By Matthew Messner
The 2017 Chicago Architecture Biennial (CAB) will open its second iteration this September under the theme “Make New History.” This raises some serious questions.
Why are we still talking about “history” in architecture? Didn’t the cheeky use of architectural history doom postmodernism? Early postmodernism’s original, successful use of decorative, historic forms was a radically subversive act in the 1960s, a revolt against the hegemony of Miesian corporate modernism. But isn’t there a new language for today’s context?
One could make the argument that history is always present in architecture, even if there isn’t an obvious rampant arch or column. For example, as digital techniques took off in the 1980s and ’90’s, Chuck Hoberman looked to Buckminster Fuller’s geodesic dome for precedent. Isn’t history ironically present even in the most radical ideas? Is referencing “history” a way of going back to the pomo of 1979, or even the Romanesque Revival of the mid-1800s?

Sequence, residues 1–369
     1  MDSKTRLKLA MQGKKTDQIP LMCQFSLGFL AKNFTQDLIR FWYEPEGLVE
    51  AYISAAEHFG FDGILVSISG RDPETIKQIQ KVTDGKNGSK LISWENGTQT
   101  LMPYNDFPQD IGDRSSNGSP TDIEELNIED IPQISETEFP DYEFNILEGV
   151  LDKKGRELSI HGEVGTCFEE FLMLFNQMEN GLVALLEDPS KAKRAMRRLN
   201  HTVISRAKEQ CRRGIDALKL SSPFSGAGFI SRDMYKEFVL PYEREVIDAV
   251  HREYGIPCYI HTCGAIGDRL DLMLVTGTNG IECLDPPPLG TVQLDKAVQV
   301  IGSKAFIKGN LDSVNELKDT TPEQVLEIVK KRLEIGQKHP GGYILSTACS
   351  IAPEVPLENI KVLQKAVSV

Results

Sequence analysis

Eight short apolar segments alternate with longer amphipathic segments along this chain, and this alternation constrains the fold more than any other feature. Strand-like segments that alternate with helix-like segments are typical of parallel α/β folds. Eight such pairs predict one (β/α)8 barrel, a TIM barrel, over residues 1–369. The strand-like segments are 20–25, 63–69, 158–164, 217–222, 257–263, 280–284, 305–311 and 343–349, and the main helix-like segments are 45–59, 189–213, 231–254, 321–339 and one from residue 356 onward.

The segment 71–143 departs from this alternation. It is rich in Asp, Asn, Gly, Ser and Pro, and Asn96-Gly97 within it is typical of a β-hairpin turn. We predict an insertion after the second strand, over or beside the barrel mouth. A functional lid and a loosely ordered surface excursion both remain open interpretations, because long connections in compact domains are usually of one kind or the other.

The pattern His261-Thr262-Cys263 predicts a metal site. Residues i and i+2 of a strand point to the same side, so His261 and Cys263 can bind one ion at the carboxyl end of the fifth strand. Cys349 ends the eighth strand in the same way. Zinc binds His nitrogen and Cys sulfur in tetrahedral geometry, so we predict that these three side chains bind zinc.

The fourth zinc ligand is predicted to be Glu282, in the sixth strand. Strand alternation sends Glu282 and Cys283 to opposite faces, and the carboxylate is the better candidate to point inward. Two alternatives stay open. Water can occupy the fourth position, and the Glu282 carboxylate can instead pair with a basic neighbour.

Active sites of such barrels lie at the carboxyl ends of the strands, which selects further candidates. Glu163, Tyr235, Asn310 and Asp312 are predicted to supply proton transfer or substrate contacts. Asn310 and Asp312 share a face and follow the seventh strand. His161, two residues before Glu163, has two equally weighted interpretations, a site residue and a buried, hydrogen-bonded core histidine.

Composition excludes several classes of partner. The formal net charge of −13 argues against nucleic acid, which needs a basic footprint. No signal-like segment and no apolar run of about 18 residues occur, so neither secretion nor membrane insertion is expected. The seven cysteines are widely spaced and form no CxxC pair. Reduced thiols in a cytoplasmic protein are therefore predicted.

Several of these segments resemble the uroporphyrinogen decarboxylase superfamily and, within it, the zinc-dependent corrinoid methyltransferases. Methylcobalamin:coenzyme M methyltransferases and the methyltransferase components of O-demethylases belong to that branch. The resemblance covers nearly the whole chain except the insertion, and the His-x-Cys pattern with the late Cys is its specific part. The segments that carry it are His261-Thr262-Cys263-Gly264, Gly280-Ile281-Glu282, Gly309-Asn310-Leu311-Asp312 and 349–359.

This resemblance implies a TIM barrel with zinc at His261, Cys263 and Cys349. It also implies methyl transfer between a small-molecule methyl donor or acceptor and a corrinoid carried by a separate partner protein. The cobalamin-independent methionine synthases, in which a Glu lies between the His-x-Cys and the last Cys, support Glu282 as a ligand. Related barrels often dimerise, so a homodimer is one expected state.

What do we even mean by “history”? Is there a more underwhelming word in architecture? Do we need another Chicago Tribune Tower competition, which the biennial intends to revisit? Hasn’t the Chicago architecture community—led by Stanley Tigerman (and his late submissions)—done enough of those?
Read the Full Opinion HERE >>>> Source: What’s up with the 2017 Chicago Architecture Biennial? – Archpaper.com